"Our first week with our 5-year old went great! She's going to be ready for Harvard in no time. But I'm concerned because I have 12 more children under the age of 4 and I never get any sleep or have time to brush my teeth. I'm not sure homeschooling is for us."

Now... The official pep talk (with some serious straight talk):

You are going about this the wrong way. Stop it. If you continue this way, you will burn out before next week and convince yourself you are a failure. If your kids are under the age of 6, they really don't need a huge formal curriculum. Get your sleep. Let them play. Hug them. Read to them. Pray with them. Teach them to read well. Get some more sleep. Everything will be fine.

If they are ready for more formal lessons, homeschooling does not have to look like institutional schooling. In fact, it shouldn't look like it. It's not it. You will also never be a perfect teacher. Let it go. It's not about you anyway. Let's get our egos out of the way and let the children grow and learn.

If the super formalized homeschool curriculum providers are giving you anxiety attacks, stop using them. Homeschooling goes a lot better when the system matches the mother's personality. (Full disclosure: If I used a super-structured program like Seton, I'd be on meds within a month and my kids would be in school.) Know yourself. Know your kids.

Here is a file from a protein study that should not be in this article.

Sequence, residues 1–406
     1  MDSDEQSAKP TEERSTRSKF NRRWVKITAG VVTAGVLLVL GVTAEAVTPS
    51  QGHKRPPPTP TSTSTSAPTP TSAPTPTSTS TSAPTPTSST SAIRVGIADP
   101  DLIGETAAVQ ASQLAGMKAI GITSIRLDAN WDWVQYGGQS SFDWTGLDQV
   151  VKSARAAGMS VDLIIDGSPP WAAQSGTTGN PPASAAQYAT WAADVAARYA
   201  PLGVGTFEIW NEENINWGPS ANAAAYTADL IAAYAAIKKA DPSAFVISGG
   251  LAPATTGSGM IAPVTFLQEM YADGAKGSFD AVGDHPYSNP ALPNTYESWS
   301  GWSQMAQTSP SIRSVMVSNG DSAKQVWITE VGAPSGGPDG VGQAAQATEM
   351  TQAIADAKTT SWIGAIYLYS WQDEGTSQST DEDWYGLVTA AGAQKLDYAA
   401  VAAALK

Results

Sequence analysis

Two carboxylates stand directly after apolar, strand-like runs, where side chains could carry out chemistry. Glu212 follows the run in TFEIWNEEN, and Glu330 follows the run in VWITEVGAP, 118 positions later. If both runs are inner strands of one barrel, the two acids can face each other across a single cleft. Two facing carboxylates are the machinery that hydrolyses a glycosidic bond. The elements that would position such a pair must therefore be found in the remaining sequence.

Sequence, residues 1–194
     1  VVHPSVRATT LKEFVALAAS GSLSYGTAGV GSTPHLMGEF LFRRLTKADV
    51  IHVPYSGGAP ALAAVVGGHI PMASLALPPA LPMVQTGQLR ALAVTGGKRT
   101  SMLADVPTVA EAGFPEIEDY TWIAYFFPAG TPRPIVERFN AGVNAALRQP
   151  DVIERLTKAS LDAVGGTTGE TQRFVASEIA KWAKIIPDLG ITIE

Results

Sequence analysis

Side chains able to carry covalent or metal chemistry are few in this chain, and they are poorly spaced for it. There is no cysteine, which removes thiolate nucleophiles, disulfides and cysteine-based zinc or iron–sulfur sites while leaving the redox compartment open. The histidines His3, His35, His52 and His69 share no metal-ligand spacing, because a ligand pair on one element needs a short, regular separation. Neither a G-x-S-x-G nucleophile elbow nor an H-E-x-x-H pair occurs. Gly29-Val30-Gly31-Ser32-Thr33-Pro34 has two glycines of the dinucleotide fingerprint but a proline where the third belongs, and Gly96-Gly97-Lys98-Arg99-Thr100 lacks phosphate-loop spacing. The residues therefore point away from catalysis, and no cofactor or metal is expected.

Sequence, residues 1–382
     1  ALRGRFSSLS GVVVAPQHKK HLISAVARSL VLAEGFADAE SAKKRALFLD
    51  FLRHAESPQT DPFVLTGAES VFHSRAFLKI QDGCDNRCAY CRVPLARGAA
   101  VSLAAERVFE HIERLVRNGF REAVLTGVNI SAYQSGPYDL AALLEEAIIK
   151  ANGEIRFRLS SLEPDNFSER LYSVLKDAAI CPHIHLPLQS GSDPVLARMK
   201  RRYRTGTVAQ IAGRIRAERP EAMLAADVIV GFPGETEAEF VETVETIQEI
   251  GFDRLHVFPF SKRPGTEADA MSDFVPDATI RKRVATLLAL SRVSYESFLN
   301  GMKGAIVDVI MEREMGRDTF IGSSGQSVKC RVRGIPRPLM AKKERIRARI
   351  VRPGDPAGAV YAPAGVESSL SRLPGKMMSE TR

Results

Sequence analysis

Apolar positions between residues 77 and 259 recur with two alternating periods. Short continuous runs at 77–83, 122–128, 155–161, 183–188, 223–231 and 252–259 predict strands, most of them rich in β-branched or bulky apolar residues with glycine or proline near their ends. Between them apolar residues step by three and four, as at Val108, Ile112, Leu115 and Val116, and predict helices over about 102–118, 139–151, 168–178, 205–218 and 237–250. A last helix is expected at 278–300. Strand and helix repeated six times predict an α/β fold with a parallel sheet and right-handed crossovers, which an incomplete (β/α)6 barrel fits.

Why are you homeschooling? Figure it out and write it down. Read a few more good homeschooling books.  And remember that the institutional school system was not designed specifically for your children but for masses of children all together at the same time. You don't have to have a blackboard. You don't have to have desks. You don't need cutesy charts for your walls. Your kids won't become stupid if they miss a week or three of math. And you don't need to know everything in order for your kids to learn. I am living proof.

So there it is. Stop freaking out. It's only August.  You're giving me anxiety attacks and we haven't even started school yet here.

Stop acting like your kids' future happiness rests on whether you had an easy day of it or not. Stop buying into the madness that education is mostly about the teacher's abilities. It is impossible to teach what a student will not learn. A home educating mother's job is not about stuffing knowledge into someone else's brain (impossible, by the way), it is really about creating an environment that helps a student say YES to learning. There is no checklist in the world that can accomplish that.

Stop expecting good things to come easy. Parents don't get a break from the hard stuff until heaven. God gives consolations and "easy" breaks according to His pleasure. Aside from those times (which we have no control over), we should expect to work hard, giving thanks and praise, awash in graces, and carrying our crosses.

When you said yes to homeschooling, you said yes to parenting full time. Expecting the majority of the time spent homeschooling to be smooth and easy is like expecting a money tree to grow in the yard when the bills pile up. Ain't happenin'.

So to those of you who have had a bear of a first week and want to know what you are doing wrong, I'll tell you: Nothing. Because sacrificial love and parenting are just plain hard. Is it worth it? If I didn't think so, I wouldn't bother with this post. I'd just let you wallow in your misery until you quit. But it IS worth it. And my final advice to you is....

Acknowledge the bitterness of the hard stuff, say a prayer, and press on. Joy will catch up with you shortly.

Some of my favorite homeschooling books are listed HERE.

Posted on August 30, 2013 and filed under "home education".